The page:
P R O P O S E D H I S T O R I C D I S T R I C T E X T E N S I O N
Among the issues that were of concern to the progressive reformers active at the turn of the century was the treatment of juvenile delinquents. Children who were accused of crimes were treated by the court system as adults, with little concern for their age or for their family circumstances. The country's first juvenile-court statute was enacted in Illinois in 1899. The Chicago bar Association voiced the view that was to take hold in other states, such as New York, that established childrenŐs courts:
In 1902, a Children's Court was established in Manhattan (New York County); this became the first county in the country to have a children's court housed in its own building, the former Department of Public Charities Building on Third Avenue and 11th Street (demolished). This court was a division of the Court of Special Sessions and was still required by law to treat children in the same manner as adults. In 1915, the Children's Court was established as a separate court and in the next year it occupied a new courthouse on East 22nd Street that had been begun several years earlier. The site on East 22nd Street was probably chosen because of its location near several social-service organizations that dealt with issues relating to children: the New York Society for the Prevention of Cruelty to Children, which maintained its headquarters in a building on Park Avenue South at East 23rd Street; the Children's Aid Society housed in the United Charities Building; and, most importantly, the Charity Organization Society (also located in the the United Charities Building), which was instrumental in the organization of the Children's Court.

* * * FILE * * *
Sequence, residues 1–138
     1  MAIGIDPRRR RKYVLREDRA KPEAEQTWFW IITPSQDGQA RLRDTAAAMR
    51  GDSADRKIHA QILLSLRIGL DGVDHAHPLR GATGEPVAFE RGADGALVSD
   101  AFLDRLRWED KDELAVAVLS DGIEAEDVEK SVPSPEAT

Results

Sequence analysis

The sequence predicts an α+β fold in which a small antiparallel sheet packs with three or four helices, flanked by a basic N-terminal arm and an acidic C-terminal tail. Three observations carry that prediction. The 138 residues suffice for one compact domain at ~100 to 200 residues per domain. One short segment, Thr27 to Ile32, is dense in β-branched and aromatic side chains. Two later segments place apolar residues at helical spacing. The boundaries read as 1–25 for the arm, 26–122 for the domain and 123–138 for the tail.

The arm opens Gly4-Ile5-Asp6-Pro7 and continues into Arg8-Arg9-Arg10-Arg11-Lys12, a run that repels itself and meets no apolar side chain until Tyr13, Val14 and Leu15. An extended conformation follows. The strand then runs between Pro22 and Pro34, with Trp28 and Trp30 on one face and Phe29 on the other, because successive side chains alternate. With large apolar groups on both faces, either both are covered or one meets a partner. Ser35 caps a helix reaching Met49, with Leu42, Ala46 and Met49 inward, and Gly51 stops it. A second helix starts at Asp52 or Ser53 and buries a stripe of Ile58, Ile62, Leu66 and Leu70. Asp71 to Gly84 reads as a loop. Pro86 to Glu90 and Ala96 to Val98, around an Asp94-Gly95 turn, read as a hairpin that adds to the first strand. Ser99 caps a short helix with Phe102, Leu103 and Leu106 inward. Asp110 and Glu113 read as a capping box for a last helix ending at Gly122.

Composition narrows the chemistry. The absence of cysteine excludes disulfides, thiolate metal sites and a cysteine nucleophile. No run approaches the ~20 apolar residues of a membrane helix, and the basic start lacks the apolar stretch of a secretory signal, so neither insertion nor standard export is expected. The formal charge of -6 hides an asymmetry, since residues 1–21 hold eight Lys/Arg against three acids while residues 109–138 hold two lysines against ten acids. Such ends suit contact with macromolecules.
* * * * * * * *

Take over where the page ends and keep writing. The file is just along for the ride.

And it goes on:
The Children's Court is an imposing Classical Revival structure faced with limestone. The design is characteristic of public buildings erected in the early decades of the 20th century. The four-story building has a high rusticated base, two-story Ionic columns, and a full attic. In 1937, a bridge was built connecting this building to the new courthouse erected to the west. In 1959, the building was converted for use by Baruch College; the exterior remains unchanged.
Gramercy Park Hotel
Church Missions House
New York Society for the Prevention of Cruelty to Children
United Charities Building
Manhattan Trade School for Girls
Family Court Building
Gustavus Adolphus Swedish Lutheran Church
Miss E.L. Breese Carriage House
111 & 113
115 & 117
IRT Company Substation
65 & 71